Written by Cerys The Chameleon
The stale stench of the changing rooms, lit with furious fluorescent lighting that felt like lasers when I looked at them, mixed with the laughter of my peers ricocheting around my brain, it was a recipe for sensory overwhelm.
I found the whole experience of getting ready for Physical Education exhausting in Secondary School, let alone the participation. The unknown of what activity we were going to be doing each week, the fact I couldn’t catch a ball, was overly clumsy, couldn’t co-ordinate my movements in the way I imagined lead to complete avoidance. I would hide in the toilets. Frustration festered and self esteem sabotaged every time I was picked last for a team, or ridiculed for not being sporty in the slightest. Clumsy Cerys, Butter fingers, names I still remember. This made me feel like exercise was an experience I would never enjoy. Fast movements, proprioception difficulties, dyspraxia, teasing – all reasons why I believed exercise to be excruciatingly painful and humiliating.
So how did I go from absolutely abhorring all forms of exercise to regularly weightlifting at the gym?
The gym is an experience I thought I would hate, the whizzing of machines, the lighting, the music the people. Gymtimidation is a real thing. I joined my local gym after watching influencers lifting weights and their physique and form were just incredible. Being the chameleon that I am, mimicking and observing behaviours, my journey into joining the gym was fuelled by wanting to fit in somewhere, wanting to be like everyone else.
I found a quiet gym, in my local area, only five minutes drive from my house. I asked to join and my Mum came with me as I didn’t have much independence or confidence. From there I had a consultation and was asked about my goals. From the offset I disclosed my diagnosis to the the owner and was actually surprised at their knowledge. I do feel the environment you exercise in is important. They created my routines, went through them with me until I understood and instead of sticking to the routine for 12 weeks I could stick to it as long as I liked, I was in control of when we brought in new movements.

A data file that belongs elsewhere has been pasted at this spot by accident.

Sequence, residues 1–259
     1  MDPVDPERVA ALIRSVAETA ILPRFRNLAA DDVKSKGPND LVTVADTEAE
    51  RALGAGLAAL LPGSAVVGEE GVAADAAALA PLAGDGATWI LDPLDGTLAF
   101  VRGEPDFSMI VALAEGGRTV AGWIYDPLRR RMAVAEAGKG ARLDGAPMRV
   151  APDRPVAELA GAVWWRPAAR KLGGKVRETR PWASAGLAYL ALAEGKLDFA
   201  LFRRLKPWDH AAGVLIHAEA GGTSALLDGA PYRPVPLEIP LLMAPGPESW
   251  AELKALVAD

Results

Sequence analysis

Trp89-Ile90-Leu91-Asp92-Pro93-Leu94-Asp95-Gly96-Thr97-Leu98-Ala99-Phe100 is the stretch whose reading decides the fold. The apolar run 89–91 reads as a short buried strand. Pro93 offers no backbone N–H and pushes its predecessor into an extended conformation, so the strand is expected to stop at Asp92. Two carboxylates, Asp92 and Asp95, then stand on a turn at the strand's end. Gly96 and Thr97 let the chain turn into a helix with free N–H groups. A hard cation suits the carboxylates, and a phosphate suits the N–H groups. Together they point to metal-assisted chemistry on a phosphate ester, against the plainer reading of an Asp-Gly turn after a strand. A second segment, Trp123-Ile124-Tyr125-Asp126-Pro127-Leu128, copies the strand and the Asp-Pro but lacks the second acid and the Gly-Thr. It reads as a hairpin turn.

I also learned when the quietest times were. I don’t go to a mainstream gym, so there are times of the day when there are little to no people at all. I take my headphones and play music that I like to escape into my little world.
What I didn’t ever consider when I began the gym was how good weight lifting is for self regulation. When the barbell is on my shoulders, it almost has the effects of a weighted blanket – it feels really comforting and grounding. The feeling of my muscles contracting are a nice sensation, a reminder that I’m alive. The sound the barbell makes when the plates hit the floor after a lift soothes me, plus the feeling of achieving that lift is euphoric.
When I began the gym and I was highly anxious I would incorporate mindfulness into it. Every push I made I was pushing something away that I no longer wanted in my mind, anxiety, past memories, hurt. Every pull, I was pulling something I wanted, more confidence, independence, health.
It’s also helped me massively to have a structure and routine. To set goals to work towards and feel a bit more control. Being autistic I often feel out of control due to the sensory overwhelm endured and difficulties keeping up with daily life.
The gym and weightlifting have become one of my safe spaces. I never ever thought I’d be capable of lifting, especially with my lack of co-ordination and fine motor skills. In the right environment, with supportive and understanding trainers who have knowledge and with determination you really can achieve anything.
I probably won’t ever take up weightlifting competitively. The moment there is pressure is the moment I crumble. Plus, sensory food aversion means that the nutrition side can be challenging. However, through weightlifting I have founded not only physical strength, but mental strength after the majority of my life has been spent feeling fragile and weak.
My next goal is to start independently travelling to the gym and is something I am looking forward to when it is safe to do so. Without weightlifting I feel I would not be able to cope with emotional dysregulation and my anxiety and depression would heighten.
If you are autistic and you too feel strongly about disliking exercise, please know that it may not be the actual exercise, but the experience and trauma associated with it like school experiences. I truly believe there is a form of exercise out there for all people. Whether that is walking in nature, or playing basketball in your own back garden. The self regulation benefits are so valuable for our day to day lives.
Thank you for reading.
Hi, my name is Cerys. I am an autism advocate with dyspraxia who loves sports and weightlifting, but it hasn’t always been that way. I have an instagram account @cerysthechameleon and a blog cerysthechameleon.com where I share my experiences of the spectrum
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